By Sebastian Sprenger
October 29, 2009 at 5:00 AM

The Defense Advanced Research Projects Agency today announced a novel way to win $40,000: Coinciding with the 40th anniversary of the Internet, agency officials will deploy 10 tethered, red balloons all over the continental United States in early December. The idea for participants in the challenge is to mobilize social media-savvy friends who will supply location information through Facebook, or Twitter or what-have-you whenever they spot one of the specimens.

The spectacle will "explore the role the Internet and social networking plays in the timely communication, wide area team-building and urgent mobilization required to solve broad scope, time-critical problems," DARPA said in an announcement today.

Bets are still being taken for how long it will take for the first participant to get all 10 locations right.

By Sebastian Sprenger
October 28, 2009 at 5:00 AM

Army Lt. Gen. Thomas Metz, the outgoing director of the Joint Improvised Explosive Device Defeat Organization, yesterday told reporters a bit about how a few general IED-related topics are treated in the ongoing Quadrennial Defense Review.

"Build and plan for institutionalized counter-IED capabilities" -- that's one of three goals listed on a briefing slide presented by the general. The term-of-art "institutionalization" has long been a favourite of defense leaders in that context.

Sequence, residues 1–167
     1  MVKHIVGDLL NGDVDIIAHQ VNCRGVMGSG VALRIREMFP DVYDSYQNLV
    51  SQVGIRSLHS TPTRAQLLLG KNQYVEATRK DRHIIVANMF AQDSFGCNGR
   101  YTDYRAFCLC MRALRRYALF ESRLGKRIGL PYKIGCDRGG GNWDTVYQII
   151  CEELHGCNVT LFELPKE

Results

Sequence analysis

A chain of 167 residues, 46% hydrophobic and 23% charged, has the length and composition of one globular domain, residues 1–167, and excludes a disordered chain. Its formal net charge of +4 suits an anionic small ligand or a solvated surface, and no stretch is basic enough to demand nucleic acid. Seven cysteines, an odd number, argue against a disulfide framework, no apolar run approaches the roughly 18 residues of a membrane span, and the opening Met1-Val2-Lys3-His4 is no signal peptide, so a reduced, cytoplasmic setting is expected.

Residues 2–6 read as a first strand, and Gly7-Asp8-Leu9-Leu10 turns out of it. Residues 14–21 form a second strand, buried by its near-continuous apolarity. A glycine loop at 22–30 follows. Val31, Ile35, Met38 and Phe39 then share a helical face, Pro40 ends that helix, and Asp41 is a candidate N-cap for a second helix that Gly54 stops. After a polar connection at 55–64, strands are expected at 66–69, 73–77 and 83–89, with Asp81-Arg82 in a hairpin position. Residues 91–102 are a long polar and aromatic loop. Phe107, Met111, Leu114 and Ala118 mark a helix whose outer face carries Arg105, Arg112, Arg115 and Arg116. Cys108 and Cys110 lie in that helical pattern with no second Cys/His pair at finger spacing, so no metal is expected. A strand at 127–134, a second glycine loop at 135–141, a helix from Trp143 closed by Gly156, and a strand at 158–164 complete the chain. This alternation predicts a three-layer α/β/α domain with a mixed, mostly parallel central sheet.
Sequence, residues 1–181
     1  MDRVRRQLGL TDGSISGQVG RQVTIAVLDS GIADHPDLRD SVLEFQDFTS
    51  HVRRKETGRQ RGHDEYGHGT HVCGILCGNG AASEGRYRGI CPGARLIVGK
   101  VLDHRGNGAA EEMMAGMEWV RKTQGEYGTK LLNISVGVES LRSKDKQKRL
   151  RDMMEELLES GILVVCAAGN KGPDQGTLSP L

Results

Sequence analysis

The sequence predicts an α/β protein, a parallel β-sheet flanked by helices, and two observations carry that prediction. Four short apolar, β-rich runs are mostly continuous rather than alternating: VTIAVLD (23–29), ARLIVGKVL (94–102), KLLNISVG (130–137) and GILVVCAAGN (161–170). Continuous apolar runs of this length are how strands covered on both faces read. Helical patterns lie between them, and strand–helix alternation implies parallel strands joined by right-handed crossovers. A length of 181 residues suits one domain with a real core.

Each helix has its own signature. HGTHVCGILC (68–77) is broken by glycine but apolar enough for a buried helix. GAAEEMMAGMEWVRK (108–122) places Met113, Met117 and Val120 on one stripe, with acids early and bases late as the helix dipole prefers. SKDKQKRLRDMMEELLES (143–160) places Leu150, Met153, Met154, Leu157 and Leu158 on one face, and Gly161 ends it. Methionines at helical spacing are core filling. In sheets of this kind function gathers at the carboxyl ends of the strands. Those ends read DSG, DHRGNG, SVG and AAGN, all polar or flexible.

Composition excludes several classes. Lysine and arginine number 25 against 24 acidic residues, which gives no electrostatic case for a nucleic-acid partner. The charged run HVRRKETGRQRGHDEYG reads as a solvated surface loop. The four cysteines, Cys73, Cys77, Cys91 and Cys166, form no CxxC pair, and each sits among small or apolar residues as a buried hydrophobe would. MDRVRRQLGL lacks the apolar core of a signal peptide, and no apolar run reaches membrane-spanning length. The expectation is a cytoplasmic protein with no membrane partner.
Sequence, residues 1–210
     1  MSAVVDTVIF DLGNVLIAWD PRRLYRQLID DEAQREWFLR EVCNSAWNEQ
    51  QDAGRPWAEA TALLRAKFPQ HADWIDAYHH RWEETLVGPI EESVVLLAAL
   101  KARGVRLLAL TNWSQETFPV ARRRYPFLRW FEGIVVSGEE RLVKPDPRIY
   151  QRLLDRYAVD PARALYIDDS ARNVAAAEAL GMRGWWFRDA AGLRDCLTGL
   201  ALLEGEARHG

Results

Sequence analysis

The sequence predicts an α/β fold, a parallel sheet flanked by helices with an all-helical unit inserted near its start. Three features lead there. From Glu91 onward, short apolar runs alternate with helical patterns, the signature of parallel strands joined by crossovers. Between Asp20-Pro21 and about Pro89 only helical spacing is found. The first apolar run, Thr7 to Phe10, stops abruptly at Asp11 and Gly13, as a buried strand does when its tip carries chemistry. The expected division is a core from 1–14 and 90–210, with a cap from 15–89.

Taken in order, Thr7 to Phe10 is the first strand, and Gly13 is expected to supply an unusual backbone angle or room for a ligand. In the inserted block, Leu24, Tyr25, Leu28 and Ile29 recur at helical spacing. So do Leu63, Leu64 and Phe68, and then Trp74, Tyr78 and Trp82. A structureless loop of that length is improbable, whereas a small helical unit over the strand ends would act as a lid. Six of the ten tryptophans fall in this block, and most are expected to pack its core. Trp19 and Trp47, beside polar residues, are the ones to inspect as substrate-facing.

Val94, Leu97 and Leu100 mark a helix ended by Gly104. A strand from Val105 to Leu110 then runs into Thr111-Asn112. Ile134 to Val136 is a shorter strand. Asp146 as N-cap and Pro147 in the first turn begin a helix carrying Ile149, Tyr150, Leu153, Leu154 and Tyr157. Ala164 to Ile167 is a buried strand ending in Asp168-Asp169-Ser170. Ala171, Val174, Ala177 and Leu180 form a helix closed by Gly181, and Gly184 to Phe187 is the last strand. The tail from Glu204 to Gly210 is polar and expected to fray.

The goal of increasing "partner capacity" and information sharing also made the QDR list. With billions spent, the United States is perhaps the best equipped among the coalition forces in Afghanistan when it comes to countering makeshift bombs. But what about the rest of NATO troops and Afghan security forces?

While JIEDDO can offer training to others, organization officials lack the legal authorities to give their international brothers-in-arms actual equipment, Metz said. He steered clear of saying whether he sees this as an impediment, noting U.S. Central Command chief Gen. David Petraeus would to have be the one initiating any change.

"I'm not in the business of spending any funds given to me by Congress on anything other than U.S. forces," Metz said.

Finally, another goal in the QDR is to "ensure counter-IED is part of the cultural fabric of DOD," the briefing reads. "I believe we are in the counter-IED fight for years, for decades," Metz said.

In Afghanistan, IEDs now account for 70 to 80 percent of coalition casualties, he noted.

By Thomas Duffy
October 27, 2009 at 5:00 AM

This morning at Camp Lejeune, NC, and the Marine Corps Air Station Cherry Point, NC, warfighters from the United States and 10 allied countries start a nine-day exercise to assess air-to-ground identification systems with an eye toward reducing friendly fire incidents.

Called “Bold Quest 09,” the exercise is being run by U.S. Joint Forces Command. This is the seventh consecutive annual Bold Quest event organized by the command.